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Investigating the effects of Temperature on Amylase.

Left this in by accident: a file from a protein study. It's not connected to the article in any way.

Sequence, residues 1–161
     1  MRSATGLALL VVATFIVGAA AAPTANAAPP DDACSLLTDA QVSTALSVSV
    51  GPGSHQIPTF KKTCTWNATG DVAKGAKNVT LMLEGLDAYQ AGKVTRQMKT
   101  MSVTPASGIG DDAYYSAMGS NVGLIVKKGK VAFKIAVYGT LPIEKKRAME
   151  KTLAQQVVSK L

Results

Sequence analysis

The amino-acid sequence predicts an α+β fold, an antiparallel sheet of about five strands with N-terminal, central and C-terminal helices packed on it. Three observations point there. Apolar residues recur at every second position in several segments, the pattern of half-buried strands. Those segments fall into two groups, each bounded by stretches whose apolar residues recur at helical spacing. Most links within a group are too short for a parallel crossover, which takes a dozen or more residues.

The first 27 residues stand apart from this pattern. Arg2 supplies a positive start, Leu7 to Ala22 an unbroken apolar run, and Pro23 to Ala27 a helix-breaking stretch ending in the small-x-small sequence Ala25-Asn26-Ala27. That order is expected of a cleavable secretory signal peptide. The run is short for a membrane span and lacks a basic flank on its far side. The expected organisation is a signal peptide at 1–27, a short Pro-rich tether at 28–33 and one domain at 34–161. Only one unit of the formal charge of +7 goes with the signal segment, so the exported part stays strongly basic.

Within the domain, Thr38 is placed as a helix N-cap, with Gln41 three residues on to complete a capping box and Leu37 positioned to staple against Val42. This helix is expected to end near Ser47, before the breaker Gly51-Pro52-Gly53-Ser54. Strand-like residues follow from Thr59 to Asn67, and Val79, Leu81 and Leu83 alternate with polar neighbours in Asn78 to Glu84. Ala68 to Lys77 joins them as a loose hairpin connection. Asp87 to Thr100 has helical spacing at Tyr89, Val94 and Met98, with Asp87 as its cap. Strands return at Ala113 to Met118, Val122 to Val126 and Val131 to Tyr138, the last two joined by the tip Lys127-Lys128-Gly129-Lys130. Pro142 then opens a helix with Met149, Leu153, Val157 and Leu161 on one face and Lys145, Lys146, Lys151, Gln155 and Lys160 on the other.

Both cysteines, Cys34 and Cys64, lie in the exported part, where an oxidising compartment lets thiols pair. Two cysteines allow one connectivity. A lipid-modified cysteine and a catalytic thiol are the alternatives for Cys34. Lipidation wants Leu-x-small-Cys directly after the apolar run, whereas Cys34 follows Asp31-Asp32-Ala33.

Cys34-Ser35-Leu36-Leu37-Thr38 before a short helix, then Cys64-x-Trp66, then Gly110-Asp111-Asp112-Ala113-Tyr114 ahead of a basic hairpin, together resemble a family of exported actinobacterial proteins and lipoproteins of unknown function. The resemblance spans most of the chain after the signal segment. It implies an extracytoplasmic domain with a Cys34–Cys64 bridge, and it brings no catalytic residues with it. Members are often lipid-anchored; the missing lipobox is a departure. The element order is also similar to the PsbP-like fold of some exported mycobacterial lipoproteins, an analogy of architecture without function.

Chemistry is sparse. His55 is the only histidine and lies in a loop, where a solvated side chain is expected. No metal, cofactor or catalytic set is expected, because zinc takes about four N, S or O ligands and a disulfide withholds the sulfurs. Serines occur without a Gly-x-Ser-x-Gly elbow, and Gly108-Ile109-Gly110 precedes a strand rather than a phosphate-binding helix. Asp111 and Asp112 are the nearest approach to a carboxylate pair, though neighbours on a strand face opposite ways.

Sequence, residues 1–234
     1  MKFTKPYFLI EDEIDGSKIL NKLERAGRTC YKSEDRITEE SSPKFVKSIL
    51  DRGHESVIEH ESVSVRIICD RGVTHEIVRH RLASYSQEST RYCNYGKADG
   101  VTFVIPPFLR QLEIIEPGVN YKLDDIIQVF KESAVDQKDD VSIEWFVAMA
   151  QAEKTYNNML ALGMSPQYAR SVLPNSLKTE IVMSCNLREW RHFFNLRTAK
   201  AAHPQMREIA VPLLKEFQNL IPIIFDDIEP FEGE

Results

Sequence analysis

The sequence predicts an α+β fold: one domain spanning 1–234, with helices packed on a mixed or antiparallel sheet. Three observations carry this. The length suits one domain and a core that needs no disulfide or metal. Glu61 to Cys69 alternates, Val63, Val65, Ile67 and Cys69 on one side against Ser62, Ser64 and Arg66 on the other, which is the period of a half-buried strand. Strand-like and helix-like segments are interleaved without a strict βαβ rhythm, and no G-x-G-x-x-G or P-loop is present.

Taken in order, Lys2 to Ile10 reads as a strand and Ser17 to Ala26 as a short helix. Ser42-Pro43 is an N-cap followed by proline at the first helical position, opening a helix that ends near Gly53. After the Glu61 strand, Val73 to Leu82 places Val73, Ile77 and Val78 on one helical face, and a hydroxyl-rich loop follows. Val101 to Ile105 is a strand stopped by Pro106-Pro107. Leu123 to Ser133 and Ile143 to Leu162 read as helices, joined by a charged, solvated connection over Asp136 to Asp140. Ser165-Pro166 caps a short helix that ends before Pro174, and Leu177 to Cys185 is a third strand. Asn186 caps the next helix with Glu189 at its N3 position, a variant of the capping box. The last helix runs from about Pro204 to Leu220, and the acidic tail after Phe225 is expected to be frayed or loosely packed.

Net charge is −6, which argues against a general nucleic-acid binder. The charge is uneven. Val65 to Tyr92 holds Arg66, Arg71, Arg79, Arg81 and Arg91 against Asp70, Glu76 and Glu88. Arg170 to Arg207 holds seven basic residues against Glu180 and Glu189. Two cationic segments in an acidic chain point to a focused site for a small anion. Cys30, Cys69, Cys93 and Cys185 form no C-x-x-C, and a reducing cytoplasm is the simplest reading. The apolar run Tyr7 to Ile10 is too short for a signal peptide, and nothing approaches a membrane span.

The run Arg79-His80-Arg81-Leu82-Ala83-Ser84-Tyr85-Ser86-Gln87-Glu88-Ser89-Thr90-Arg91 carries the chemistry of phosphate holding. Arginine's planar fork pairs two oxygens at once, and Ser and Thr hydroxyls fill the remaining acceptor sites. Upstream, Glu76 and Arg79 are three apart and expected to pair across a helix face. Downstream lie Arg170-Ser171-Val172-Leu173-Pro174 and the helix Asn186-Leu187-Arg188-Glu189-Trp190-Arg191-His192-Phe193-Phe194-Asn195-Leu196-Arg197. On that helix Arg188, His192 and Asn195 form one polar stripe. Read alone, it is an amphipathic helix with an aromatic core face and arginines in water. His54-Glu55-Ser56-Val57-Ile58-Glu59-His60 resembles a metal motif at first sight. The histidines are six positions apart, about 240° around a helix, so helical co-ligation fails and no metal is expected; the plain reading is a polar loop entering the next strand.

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Investigating the effects of Temperature on Amylase Aim: The aim of this investigation was to record and analyse how changing the temperature of amylase before exposing it to starch solution affects the time taken for the amylase to take affect on the starch and break it down to produce Glucose. By increasing the temperature the energy supplied to the enzyme will increase, thereby increasing the number of vibrations occurring within the amylase, this increase in movement increases the possibility of the amylase enzyme binding with a starch substrate and breaking it down into glucose . The rate at which the enzyme breaks down the substrate will continue to increase until it reaches the optimum temperature; this is the point at which the enzyme is most efficient suboptimum temperatures will continue to break down the substrate but less effectively. Increasing the temperature slightly above the optimum will decrease the efficiency of the process and will eventually denature the enzyme rendering it useless. This occurs because the active site of the enzyme where the substrate binds with it and is broken down into its product changes shape. This new shape does not fit that of the substrate therefore the enzyme activity is lost. The optimum temperature of enzymes is relative to their natural environment, as is the case with other variables such as PH. Enzymes within the human body will work best at roughly 370C as this is the internal body temperature. Preliminary work was carried out to determine what concentrations of amylase and starch solution to use. Preliminary Work: In this investigation it was decided that for the preliminary work different concentrations of amylase and starch solution would be tried and tested and the concentrations that worked the best would be picked. During the work it became apparent that this would not be the case as the initial concentrations of 5% starch solution and 3% amylase were too concentrated and positive tests for glucose were being recorded as early as 20seconds into the test. ...read more.